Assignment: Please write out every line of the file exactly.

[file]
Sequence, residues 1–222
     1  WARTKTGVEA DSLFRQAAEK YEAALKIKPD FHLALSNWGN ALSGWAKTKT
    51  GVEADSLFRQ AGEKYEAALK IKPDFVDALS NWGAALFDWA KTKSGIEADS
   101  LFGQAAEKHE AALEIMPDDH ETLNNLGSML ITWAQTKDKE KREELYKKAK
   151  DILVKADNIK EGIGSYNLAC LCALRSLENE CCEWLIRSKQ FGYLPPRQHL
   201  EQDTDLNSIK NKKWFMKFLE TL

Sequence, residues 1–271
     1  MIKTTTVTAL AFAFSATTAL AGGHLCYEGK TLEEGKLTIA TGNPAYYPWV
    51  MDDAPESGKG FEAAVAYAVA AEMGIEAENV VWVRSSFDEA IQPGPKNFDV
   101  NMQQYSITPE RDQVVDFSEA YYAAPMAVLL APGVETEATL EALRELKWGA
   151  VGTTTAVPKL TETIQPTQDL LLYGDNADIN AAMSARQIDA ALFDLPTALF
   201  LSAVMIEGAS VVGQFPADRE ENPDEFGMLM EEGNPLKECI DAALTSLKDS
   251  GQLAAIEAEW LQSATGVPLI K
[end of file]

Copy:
Sequence, residues 1–222
     1  WARTKTGVEA DSLFRQAAEK YEAALKIKPD FHLALSNWGN ALSGWAKTKT
    51  GVEADSLFRQ AGEKYEAALK IKPDFVDALS NWGAALFDWA KTKSGIEADS
   101  LFGQAAEKHE AALEIMPDDH ETLNNLGSML ITWAQTKDKE KREELYKKAK
   151  DILVKADNIK EGIGSYNLAC LCALRSLENE CCEWLIRSKQ FGYLPPRQHL
   201  EQDTDLNSIK NKKWFMKFLE TL

Sequence, residues 1–271
     1  MIKTTTVTAL AFAFSATTAL AGGHLCYEGK TLEEGKLTIA TGNPAYYPWV
    51  MDDAPESGKG FEAAVAYAVA AEMGIEAENV VWVRSSFDEA IQPGPKNFDV
   101  NMQQYSITPE RDQVVDFSEA YYAAPMAVLL APGVETEATL EALRELKWGA
   151  VGTTTAVPKL TETIQPTQDL LLYGDNADIN AAMSARQIDA ALFDLPTALF
   201  LSAVMIEGAS VVGQFPADRE ENPDEFGMLM EEGNPLKECI DAALTSLKDS
   251  GQLAAIEAEW LQSATGVPLI K